Today's world has become a lot closer in many ways, mainly due to the technologies that bring us physically closer. We have ever greater access to information, yet ethnic, cultural, religious and political positions can seem more rigid than ever. Often, differences between us are stressed, and commonalities overlooked.
In the Professional Development segment of the festival, I facilitated a discussion about crossing borders and collaboration. This was "Cross Cultural Journeys,” with panelists Massimo Schuster, Sam Cook, Nori Sawa and Joan Baixas. We began with the premise that puppetry has always "freely plundered" folk material from around the world, and then moved on to explore from these artists' own work, experiences and perspectives on what happens when a deeper exchange occurs between those of differing cultural backgrounds and values such as how we, in process and performance, can navigate the terrain when "ordinary" behavior in one culture has a very different meaning in another? What skills do we need to have in order to develop work with or about another culture?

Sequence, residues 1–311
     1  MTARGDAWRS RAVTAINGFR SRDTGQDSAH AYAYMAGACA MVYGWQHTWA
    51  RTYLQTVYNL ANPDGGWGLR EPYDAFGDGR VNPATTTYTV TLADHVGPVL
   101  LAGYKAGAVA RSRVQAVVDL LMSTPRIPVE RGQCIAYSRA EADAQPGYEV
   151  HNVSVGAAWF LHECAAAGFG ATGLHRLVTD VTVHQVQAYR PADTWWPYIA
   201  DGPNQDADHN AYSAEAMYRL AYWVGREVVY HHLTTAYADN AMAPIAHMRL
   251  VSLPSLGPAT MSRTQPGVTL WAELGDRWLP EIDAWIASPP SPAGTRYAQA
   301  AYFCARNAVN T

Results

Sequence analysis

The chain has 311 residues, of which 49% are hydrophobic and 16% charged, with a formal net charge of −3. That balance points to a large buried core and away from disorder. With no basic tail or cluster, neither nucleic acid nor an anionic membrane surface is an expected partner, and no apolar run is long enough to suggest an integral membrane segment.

Puppeteer, theatre director and teacher, Massimo Schuster from France talked about his work in Ethiopia and India, of working with local artists on, respectively, Ethiopia's founding myth of Solomon and Sheba and Hindu India's Mahabharata. He asks himself, what is it about these great stores of tales and wisdom that keep their cultures together? Massimo also considered the role of the foreigner when working outside of his own cultural context. He talked of the need to seep oneself into the other culture, to do extensive study of the sacred texts and cultural icons, to try to arrive at the quintessence of the other culture, before attempting any collaboration. One must go beyond the "tourist" version of a culture! Massimo commented on how a foreign artist may, too, because he is an outsider to another culture, become a catalyst of change or exploration for the local artist, once mutual respect and trust is established. He has found that we can all explore our own culture's sureties, and we should question certain traditional norms that need questioning. Moreover, we can often do this more effectively when a perceptive and knowledgeable outsider brings to the picture another perspective to consider. We are not talking here of one culture dominating another. Once we acknowledge that we share points of contact and still have our different perspectives, mutual respect grows. Massimo believes that great art makes people understand that we are part of one large family.